Diversity & Inclusion

Creating an Environment Where Employees Feel Safe Bringing Their Authentic Selves to Work

For this installment of our series on corporate diversity leaders, we’ve spoken to Ayo Odusote, a principal in Deloitte Consulting’s Customer and Marketing  practice with nearly two decades of consulting experience who is focused on serving clients in the telecom and technology sectors. While that introduction might not immediately strike someone as having anything to do specifically with diversity, equity, and inclusion (DEI), Odusote also serves as the DEI lead for Deloitte Consulting. In this role, he works to create an inclusive, meaningful, and consistent talent experience for Deloitte employees to enable them to bring their full, authentic selves to the workplace.

Ayo Odusote DEI
Ayo Odusote, Principal and DEI leader at Deloitte Consulting LLP

DEI Particularly Critical in Consulting Practices

A strong DEI culture should be a key element of any business plan, regardless of industry or offering. But in some businesses, the case for DEI programs is particularly clear, and the consulting industry is a great example. Consulting is inherently a “people” business. Consulting firms recruit and develop their people, who can see and understand the business challenges and objectives of their clients, and it’s up to those consultants to be able to connect and communicate with stakeholders at client companies.

Diversity is crucial to the consulting business in many respects, but a few stand out as particularly salient. First, diverse groups bring their diverse backgrounds and experiences to their organizations, which, in turn, creates more robust pictures of the world and helps prevent people from viewing problems and opportunities through narrow lenses. Second, diverse teams are better able to connect with counterparts at client organizations. While it certainly isn’t necessary to match a client’s diversity perfectly for a successful business relationship to grow, it does help build and develop connections when key stakeholders can relate to one another. Third, because diversity is a benefit to an organization, diversity being present at all levels of the company can be a self-perpetuating asset because the presence of diverse staff helps with the recruitment of additional diverse staff. All else being equal, diverse job candidates understandably prefer to work for organizations that demonstrate a commitment to DEI because those organizations are places where they feel they can be accepted, grow, and excel.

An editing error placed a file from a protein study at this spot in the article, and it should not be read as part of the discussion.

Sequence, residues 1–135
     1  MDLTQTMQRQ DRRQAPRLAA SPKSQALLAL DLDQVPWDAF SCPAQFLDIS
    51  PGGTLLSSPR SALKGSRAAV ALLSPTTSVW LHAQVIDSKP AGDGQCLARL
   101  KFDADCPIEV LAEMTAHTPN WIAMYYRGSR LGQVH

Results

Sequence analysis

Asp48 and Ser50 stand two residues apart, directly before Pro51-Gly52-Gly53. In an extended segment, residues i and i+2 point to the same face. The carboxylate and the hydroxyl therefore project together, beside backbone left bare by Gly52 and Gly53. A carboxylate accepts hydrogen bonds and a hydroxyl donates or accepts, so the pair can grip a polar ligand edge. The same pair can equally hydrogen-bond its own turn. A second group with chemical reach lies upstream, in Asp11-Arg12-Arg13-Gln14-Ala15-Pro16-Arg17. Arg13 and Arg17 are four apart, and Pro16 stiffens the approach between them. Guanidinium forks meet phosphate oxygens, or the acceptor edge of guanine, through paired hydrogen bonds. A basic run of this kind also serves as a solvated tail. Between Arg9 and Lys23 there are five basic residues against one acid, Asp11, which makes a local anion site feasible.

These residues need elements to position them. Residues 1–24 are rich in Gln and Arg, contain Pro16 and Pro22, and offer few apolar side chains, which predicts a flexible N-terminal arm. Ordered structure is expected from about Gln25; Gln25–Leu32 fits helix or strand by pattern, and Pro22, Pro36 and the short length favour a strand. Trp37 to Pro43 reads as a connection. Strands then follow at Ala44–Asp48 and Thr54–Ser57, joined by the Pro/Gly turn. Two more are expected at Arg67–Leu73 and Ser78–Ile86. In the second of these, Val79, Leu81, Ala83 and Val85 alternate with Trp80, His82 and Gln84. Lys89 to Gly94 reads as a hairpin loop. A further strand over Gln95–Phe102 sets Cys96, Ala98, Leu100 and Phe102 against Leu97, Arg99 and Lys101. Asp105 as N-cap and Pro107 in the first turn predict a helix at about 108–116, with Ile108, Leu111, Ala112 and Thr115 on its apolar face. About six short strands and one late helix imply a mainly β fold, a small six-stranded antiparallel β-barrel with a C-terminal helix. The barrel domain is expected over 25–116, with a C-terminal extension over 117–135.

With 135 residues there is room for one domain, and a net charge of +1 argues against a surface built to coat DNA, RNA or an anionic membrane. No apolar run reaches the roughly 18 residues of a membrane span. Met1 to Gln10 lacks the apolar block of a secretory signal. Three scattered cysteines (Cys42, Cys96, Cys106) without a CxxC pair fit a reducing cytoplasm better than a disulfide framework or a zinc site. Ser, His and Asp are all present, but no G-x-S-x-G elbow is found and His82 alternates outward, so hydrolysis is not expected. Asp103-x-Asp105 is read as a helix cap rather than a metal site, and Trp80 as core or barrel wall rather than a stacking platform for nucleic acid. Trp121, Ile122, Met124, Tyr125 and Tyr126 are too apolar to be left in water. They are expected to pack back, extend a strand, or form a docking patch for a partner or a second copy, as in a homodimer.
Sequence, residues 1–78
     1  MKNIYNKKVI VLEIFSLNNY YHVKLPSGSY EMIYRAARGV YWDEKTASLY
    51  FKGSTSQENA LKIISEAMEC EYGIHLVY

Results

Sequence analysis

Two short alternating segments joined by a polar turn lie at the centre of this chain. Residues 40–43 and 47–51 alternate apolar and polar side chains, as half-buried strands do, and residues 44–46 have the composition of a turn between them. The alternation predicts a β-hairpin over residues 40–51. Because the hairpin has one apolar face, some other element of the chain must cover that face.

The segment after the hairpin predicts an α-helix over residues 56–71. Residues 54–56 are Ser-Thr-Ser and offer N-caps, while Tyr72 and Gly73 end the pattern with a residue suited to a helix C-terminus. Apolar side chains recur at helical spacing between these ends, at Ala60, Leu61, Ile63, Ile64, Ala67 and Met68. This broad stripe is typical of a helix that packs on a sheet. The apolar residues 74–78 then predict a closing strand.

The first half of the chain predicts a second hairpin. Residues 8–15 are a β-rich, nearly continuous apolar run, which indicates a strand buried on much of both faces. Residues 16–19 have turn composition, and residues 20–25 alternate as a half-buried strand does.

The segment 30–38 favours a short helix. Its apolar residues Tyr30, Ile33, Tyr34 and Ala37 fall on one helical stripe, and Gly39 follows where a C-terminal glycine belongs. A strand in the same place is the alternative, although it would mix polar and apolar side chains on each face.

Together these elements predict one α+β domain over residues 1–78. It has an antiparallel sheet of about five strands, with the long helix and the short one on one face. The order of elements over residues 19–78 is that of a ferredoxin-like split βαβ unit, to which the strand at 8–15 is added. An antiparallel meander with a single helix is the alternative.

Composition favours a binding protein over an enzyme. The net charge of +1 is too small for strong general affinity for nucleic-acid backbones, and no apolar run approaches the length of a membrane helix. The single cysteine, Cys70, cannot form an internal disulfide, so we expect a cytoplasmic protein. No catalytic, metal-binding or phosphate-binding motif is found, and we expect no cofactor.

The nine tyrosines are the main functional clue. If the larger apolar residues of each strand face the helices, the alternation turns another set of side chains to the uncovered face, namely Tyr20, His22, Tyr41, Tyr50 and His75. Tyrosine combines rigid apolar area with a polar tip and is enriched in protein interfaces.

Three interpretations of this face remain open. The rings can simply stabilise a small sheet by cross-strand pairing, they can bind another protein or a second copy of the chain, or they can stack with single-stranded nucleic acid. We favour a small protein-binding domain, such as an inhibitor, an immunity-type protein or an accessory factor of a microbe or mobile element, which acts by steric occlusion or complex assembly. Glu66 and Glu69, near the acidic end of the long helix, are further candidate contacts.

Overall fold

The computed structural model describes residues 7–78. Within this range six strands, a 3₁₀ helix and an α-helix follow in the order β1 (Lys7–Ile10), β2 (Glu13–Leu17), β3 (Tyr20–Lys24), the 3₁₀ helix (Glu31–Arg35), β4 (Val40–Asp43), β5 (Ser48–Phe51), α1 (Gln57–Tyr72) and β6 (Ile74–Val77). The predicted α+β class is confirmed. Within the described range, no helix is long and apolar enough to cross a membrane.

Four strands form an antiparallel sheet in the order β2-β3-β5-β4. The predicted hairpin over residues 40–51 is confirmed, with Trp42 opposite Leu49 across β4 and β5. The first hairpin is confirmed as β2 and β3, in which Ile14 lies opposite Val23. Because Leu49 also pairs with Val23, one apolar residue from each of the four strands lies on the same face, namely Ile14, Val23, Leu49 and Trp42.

A Business-Centric Perspective Driven by Personal Experience

As noted above, Odusote’s background isn’t necessarily one that has been driven first and foremost by DEI efforts. He joined Deloitte in 2005 just after finishing business school at the Robert H. Smith School of Business at the University of Maryland. Before pursuing his MBA, Odusote earned a bachelor’s degree in computer engineering from the University of Ife in Nigeria.

When Odusote first started at Deloitte, fresh out of college, he was one of only two black people in his group of 30+ consultants. That lack of diversity made an impact and drove him to commit to doing something to make a difference for future classes of Deloitte consultants to boost that diversity. “I started working in a minor, grassroots way on diversity efforts at Deloitte,” he says. One of his key areas of focus was on bringing diverse talent into the recruitment process.

“I invested my time in trying to make sure we recruited more diverse practitioners into our organization,” he explains. “I spearheaded an initiative with management, and we worked to source and hire diverse talent from a number of business schools and grad schools from across the country, undergraduate students as well.”